will intervene in the unlikely event of inappropriate material being
accessed by the children. The key role of the attendant is to admire
children’s learning and encourage them to go further.
The SOLE should be open for use about one hour before school and up to
two or more hours after school hours. It should, preferably, be available on
weekends and holidays as well. No adult should be allowed to use the
SOLE unless there are, at least, 4 children present. Any adult using the
SOLE will need to take permission from the children and the attendant
before using the facility and their times of usage and identity should be
recorded. The SOLE is predominantly for use by children from the school,
that is, aged 5-17 years. The chief users should be between 6 and 12
years old. The keys to the SOLE should be with the attendant and (s)he
should know how to switch everything on and off.
Step3: Using the SOLE
Collaborative discoveries in SOLEs
Timetabled usage: Each class should have at least one session of about
90 minutes in the SOLE, timetabled every week. During this time, a
teacher will engage the children with a question that they need to answer
using the SOLE. Examples of questions could be ‘who built the pyramids
and why?’, ‘what are fractals?’, ‘what are they looking for with the Large
Hadron Collider in CERN, Geneva?’, ‘who is Gandhi and what did he do?’,
‘Where is Botswana and what is it famous for?’ etc. For each session, the
children would make groups of around 4 each, of their own choice.
Children are allowed to change groups, talk to each other, talk to other
groups and walk around looking at other’s work. There are very few rules.
The teachers role is minimal and (s)he should stay out of the children’s
way. Since an attendant is present, (s)he can leave the SOLE if desired.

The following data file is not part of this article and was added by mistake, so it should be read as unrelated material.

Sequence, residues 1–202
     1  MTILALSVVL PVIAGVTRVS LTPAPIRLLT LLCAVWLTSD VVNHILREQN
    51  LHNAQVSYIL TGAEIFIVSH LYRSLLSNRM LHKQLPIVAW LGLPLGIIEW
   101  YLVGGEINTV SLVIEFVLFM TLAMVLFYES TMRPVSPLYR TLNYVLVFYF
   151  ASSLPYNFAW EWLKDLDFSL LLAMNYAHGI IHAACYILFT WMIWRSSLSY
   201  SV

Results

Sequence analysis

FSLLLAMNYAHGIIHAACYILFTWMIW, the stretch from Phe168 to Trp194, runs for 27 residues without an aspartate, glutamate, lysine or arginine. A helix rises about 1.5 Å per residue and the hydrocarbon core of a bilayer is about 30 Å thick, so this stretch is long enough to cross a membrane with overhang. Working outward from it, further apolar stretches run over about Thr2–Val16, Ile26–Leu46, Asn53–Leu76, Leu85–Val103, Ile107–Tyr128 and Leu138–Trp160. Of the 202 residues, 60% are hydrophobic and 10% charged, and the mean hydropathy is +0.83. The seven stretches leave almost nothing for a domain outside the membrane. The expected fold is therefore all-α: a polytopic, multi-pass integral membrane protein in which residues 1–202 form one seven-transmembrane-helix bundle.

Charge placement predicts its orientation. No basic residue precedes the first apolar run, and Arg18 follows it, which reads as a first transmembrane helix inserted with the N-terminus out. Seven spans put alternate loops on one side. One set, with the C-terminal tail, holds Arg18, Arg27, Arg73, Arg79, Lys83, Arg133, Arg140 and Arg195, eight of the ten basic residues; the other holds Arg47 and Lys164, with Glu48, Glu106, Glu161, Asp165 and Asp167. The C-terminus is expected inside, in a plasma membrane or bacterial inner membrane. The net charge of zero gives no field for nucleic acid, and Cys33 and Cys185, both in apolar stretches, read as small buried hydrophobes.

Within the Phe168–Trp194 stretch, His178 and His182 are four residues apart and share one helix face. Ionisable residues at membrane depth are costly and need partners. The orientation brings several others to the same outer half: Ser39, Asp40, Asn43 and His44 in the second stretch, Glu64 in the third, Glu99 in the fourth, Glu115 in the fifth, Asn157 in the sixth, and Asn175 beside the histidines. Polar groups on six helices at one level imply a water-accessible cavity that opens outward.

About 30 minutes before the end of the session, the groups should
produce a one-page report where they describe what they have found.
The teacher can then expand on this in a later class. Use this method for
8-12 year olds.
Curricular usage: These are similar to the above except that the driving
question is one from the school leaving examination (for example, CBSE
in India or GCSE/SAT in the UK). If this is done regularly with children of
12-15, there will be improvements in their examination results. Children
seem to enjoy attempting these questions on their own, preferably in the
absence of the teacher, and they seem to retain the answers very well.
Aspirational usage: In these sessions, children listen to a short lecture
from an interesting site on the Internet, for example, TED talks. They then
research the talk in groups and present their findings. If they listen to
interesting people on a regular basis, there is evidence that there are
positive effects on their aspirations and general knowledge.
Free usage: The SOLE should be open to use by any child in the school
outside of school hours. It should be made clear to them that they can use
this time to play games, chat or do whatever they want to. As usual,
working in groups is to be encouraged strongly.
Remotely mediated sessions: During these times, the SOLE is used for
connecting to ‘eMediators’. This can have a strong and positive impact on
culture and English if used correctly. This is described below.
Step 4: Remote Mediation
Children interacting with a remote mediator
Experimental results show that children working in groups and left to themselves
to use the Internet can quickly and effectively attain educational objectives.
However, there are limits to their understanding and performance. If they are
encouraged by a friendly but not knowledgeable mediator, they are able to reach
levels of ‘taught’ children in good schools. Such mediation is possible at a
Connect to a ‘cloud’ of eMediators. These are usually experienced
teachers willing to provide an hour or more of their time conducting
sessions in SOLEs. They form a Self Organised Mediation Environment
(SOME). The technology used is Skype video conferencing. To
understand how this works see www.solesandsomes.wikispaces.com.
To organize sessions using this method, you should, at this time (May,
2010) contact email@example.com and she will inform you of the
current status and help you timetable sessions.
Once a SOME session is scheduled, connect to Skype using the computer
with the web camera and dial your eMediator, who should be online at that
time. It is a good idea to teach the children and the attendant to do this.
Once a video connection is set up, the remote mediator will take over and
conduct the session.